Example of [C-11]flumazenil study - total and parent PTAC
Figure 1. Example of plasma metabolite correction in [11C]flumazenil study: each plasma concentration (black) is multiplied by the parent tracer fraction at each sample time point; result is the curve of unchanged (parent) radioligand concentration in plasma (red).

Alternative metabolite correction methods

Mathematical metabolite correction

For references, see Burger and Buck (1996), and Sanabria-Bohórquez et al. (2000).

Population based methods

Ideally, fractions of plasma metabolites should be measured for each person participating in a PET study. However, the measured fraction curves are sometimes noisy, or there are missing samples. One alternative is to calculate population average curve of the fractions of parent tracer in the plasma, if the inter-individual variation in the rate of metabolism is small. Population average must be determined from a group that is comparable to the study population by their age, sex, and body weight. For example, for rate of metabolism of [18F]FDPN a significant gender difference has been found (Henriksen et al., 2006).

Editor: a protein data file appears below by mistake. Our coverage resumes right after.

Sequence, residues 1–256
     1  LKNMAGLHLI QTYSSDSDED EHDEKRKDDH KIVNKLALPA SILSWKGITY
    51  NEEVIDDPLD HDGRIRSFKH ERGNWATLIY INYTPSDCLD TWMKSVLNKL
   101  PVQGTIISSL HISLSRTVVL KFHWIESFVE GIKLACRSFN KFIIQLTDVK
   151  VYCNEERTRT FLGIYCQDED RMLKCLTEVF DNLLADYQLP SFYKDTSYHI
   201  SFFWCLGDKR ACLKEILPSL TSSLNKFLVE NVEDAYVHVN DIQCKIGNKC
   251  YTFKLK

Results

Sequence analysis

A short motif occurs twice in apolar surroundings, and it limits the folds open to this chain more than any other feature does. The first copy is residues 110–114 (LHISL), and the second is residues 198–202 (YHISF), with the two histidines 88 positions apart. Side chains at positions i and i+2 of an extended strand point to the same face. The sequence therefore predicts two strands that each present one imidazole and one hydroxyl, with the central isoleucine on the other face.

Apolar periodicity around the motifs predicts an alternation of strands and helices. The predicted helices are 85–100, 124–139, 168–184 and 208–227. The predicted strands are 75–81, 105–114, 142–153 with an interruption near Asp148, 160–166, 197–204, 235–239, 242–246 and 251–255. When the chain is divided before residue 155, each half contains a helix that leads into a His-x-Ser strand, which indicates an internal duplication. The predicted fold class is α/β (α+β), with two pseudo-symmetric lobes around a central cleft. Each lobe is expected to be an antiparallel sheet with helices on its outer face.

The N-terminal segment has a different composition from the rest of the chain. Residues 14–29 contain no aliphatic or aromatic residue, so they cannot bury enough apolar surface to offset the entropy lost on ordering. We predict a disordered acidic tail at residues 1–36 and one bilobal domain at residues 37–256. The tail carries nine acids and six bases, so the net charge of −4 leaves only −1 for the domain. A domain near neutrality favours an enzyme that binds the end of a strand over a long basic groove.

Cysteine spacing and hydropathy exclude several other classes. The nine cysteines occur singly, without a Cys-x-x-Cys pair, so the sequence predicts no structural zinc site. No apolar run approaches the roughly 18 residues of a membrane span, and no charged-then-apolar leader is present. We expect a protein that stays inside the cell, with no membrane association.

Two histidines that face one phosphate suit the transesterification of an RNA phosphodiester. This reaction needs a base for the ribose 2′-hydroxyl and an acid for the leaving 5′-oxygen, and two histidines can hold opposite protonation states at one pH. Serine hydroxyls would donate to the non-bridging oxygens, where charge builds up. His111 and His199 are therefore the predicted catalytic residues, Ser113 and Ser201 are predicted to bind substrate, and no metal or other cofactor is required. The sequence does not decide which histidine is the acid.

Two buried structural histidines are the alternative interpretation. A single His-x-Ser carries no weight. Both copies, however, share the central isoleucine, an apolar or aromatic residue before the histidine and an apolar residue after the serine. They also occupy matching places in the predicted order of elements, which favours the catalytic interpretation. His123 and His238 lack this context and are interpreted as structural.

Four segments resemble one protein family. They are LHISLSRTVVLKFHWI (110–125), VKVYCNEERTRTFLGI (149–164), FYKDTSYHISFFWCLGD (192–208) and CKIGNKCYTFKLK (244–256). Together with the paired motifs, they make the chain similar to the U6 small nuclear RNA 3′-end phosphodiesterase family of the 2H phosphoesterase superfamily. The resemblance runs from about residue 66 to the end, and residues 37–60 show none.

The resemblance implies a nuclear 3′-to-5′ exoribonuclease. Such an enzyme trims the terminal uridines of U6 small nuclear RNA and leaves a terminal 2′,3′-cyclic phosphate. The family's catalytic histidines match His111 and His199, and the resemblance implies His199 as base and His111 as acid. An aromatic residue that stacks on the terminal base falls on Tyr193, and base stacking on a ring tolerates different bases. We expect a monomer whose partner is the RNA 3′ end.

The population average fraction curve can be fitted to a function, for example to the "Hill-type" or power or exponential functions, if there were only few samples or if the fraction curve must be extrapolated. In the fitting, use the weights that were written in the mean fraction curve.

See also:


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Henriksen G, Spilker ME, Sprenger T, Hauser AI, Platzer S, Boecker H, Toelle TR, Schwaiger M, Wester H-J. Gender dependent rate of metabolism of the opioid receptor-PET ligand [18F]fluoroethyldiprenorphine. Nuklearmedizin 2006; 45: 197-200. doi: 10.1055/s-0038-1625219.

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Nagar S, Argikar UA, Tweedie DJ (eds). Enzyme Kinetics in Drug Metabolism - Fundamentals and Applications. Humana Press, 2014, ISBN 978-1-62703-757-0.

Nelissen N, Warwick J, Dupont P (2012). Kinetic modelling in human brain imaging. In: Positron Emission Tomography - Current Clinical and Research Aspects, Dr. Chia-Hung Hsieh (Ed.), ISBN: 978-953-307-824-3, InTech. doi: 10.5772/30052.